The majority of sampled males were found to be at stage 4, which is considered a pre-reproductive stage (see Licht 1967Licht P. 1967. Environmental control of annual testicular cycles in the lizard Anolis carolinensis. I. Interaction of light and temperature in the initiation of testicular recrudescence. J Exp Zool 165: 505-516.). We are not able to explain the predominance of pre-reproductive males in the population, although the analysis of STD and GEH suggests some variation in males' gonadal activity throughout the year. Taking the values of STD and GEH, an elevation of testis cellular activity coincides with the period in which female reproduction peaks, despite it is not resulting in sperm production.

Females A. ocellifera from SGA are able to reproduce continuously, although the proportion of reproductive females varied markedly during the year, with a peak of reproduction at the end of the rainy season. For months not coinciding with the reproductive peak, the frequency of reproductive females was always less than 50%. Female A. ocellifera from SGA were found carrying eggs in September and December 2009, January 2010, and from April to July 2010, and it is important to note that the frequency of females with multiple reproduction was low. The pattern of egg production of females from SGA contrasts with that found for females of other A. ocellifera population by Vitt (1983)Vitt LJ. 1983. Reproduction and sexual dimorphism in the tropical teiid lizard Cnemidophorus ocellifer. Copeia 1983: 359-366.. He showed that females of this species inhabiting a semi-arid (Caatinga) site - c.a. 400km south of SGA in the municipality of Exú, state of Pernambuco, Brazil - were found with eggs throughout the year. Vitt (1983)Vitt LJ. 1983. Reproduction and sexual dimorphism in the tropical teiid lizard Cnemidophorus ocellifer. Copeia 1983: 359-366. also found that many female A. ocellifera were apt to produce short term multiple clutches, which might be an efficient strategy to increase reproductive output when females produce small clutches (Tinkle et al. 1969Tinkle DW, Wilbur HM and Tilley SG. 1969. Evolutionary strategies in lizard reproduction. Evolution 24: 55-74., Manríquez-Morán et al. 2005Manríquez-Morán NL, Villagrán-Santa Cruz M and Méndez-De La Cruz FR. 2005. Reproductive biology of the parthenogenetic lizard, Aspidoscelis cozumela. Herpetologica 61: 435-439., Vitt and Zani 2005Vitt LJ and Zani PA. 2005. Ecology and reproduction of Anolis capito in rain forest of southeastern Nicaragua. J Herpetol 39: 36-42.). However, contrary to females from Exú, the low number of females investing in short time multiple reproduction in SGA might constitute an evidence that they benefit from inter-spacing reproduction over a relatively large time period during the year.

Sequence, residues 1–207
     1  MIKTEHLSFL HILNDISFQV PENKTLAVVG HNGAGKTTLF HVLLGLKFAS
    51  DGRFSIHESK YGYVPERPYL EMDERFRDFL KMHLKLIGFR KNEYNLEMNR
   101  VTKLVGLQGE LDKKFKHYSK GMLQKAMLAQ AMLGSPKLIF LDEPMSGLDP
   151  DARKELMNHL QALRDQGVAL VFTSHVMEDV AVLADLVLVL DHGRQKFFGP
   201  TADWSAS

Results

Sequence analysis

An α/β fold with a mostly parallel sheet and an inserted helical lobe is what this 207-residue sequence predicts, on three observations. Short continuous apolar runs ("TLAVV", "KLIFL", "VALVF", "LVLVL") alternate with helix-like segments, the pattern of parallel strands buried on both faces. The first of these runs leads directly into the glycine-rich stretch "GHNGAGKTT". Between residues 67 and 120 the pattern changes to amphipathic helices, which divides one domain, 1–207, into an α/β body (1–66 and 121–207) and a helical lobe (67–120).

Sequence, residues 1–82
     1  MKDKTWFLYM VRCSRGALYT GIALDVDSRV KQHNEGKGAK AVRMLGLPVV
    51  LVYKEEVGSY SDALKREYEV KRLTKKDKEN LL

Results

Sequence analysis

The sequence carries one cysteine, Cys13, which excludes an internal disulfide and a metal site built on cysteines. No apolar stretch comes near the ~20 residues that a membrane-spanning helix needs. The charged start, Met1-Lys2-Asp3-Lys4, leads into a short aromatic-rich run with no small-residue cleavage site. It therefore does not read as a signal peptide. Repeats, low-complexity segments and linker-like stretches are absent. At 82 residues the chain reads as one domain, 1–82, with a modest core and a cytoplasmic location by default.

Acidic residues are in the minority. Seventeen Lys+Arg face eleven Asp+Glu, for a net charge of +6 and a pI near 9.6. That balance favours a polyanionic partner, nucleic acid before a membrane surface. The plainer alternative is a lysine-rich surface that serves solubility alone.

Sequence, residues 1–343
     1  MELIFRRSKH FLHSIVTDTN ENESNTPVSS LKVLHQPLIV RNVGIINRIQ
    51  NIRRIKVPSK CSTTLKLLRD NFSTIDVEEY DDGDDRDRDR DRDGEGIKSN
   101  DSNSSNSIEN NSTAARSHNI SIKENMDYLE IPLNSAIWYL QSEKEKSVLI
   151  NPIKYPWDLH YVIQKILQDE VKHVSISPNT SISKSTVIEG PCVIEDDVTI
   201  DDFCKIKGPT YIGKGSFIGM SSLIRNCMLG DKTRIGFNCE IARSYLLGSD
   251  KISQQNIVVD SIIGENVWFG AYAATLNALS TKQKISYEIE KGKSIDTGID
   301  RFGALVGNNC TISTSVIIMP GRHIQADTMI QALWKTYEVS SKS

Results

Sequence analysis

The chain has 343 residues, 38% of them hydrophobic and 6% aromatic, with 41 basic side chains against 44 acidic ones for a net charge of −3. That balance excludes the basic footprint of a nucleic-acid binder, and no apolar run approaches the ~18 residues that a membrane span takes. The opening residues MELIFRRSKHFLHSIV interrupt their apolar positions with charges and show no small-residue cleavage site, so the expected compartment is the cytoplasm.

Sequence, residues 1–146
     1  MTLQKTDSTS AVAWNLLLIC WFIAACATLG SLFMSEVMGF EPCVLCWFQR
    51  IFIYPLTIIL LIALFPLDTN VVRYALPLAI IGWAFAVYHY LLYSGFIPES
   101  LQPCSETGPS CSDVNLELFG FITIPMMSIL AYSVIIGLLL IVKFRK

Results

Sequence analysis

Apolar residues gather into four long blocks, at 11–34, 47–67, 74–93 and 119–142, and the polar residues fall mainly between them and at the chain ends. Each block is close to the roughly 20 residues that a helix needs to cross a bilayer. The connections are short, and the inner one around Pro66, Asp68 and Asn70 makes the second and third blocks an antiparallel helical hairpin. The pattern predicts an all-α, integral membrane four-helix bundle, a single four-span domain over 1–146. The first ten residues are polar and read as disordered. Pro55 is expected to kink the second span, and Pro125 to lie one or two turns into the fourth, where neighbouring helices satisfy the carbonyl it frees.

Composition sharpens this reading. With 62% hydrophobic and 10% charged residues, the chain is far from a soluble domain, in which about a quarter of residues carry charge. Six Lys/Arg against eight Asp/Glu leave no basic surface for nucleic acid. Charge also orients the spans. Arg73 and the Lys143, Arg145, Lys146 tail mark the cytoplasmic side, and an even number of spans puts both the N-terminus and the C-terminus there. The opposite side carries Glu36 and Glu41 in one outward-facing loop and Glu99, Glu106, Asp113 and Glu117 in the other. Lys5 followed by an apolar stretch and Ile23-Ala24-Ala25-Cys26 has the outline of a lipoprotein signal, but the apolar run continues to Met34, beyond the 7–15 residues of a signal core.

Because the rains pattern creates a seasonal and predictable environment in SGA, we had expected that the reproductive pattern of the studied population would be cyclical as found for other lizards from seasonal environments (Ameiva ameiva, Cnemidophorus lemniscatus, and Kentropyx striata, Magnusson 1987Magnusson WE. 1987. Reproductive cycles of teiid lizards in amazonian savanna. J Herpetol 21: 307-316., Tropidurus torquatus, Wiederhecker et al. 2002Wiederhecker HC, Pinto ACS and Colli GR. 2002. Reproductive ecology of Tropidurus torquatus (Squamata: Tropiduridae) in the highly seasonal cerrado biome of central Brazil. J Herpetol 36: 82-91., Eurolophosaurus nanuzae, Galdino et al. 2003Galdino CAB, Assis VBA, Kiefer MC and Van Sluys M. 2003. Reproduction and fat body cycle of Eurolophosaurus nanuzae (Sauria: Tropiduridae) from a seasonal montane habitat of southeastern Brazil. J Herpetol 37: 667-694., Pedioplanis burchelli, Nkosi et al. 2004Nkosi WT, Heideman NJL and Van WYK JH. 2004. Reproduction and sexual size dimorphism in the lacertid lizard Pedioplanis burchelli (Sauria: Lacertidae) in South Africa. J Herpetol 38: 473-480., Sceloporus formosus scitulus, Sceloporus omiltemanus, and Mesaspis gadovii, Ramírez-Pinilla et al. 2009Ramírez-Pinilla MP, Calderón-Espinosa ML, Flores-Villela O, Muñoz-Alonso A and Méndez de La Cruz FR. 2009. Reproductive activity of three sympatric viviparous lizards at Omiltemi, Guerrero, Sierra Madre del Sur, Mexico. J Herpetol 43: 409-420.). However, contrary to our expectations, the reproductive activity of females from SGA occurred continuously throughout the year. Nonetheless, one might consider that, in contrast to the Caatingas' population studied by Vitt, reproduction of females in SGA shows a marked concentration at the end of the rainy period, characterizing a continuous reproduction with variations in reproductive activity.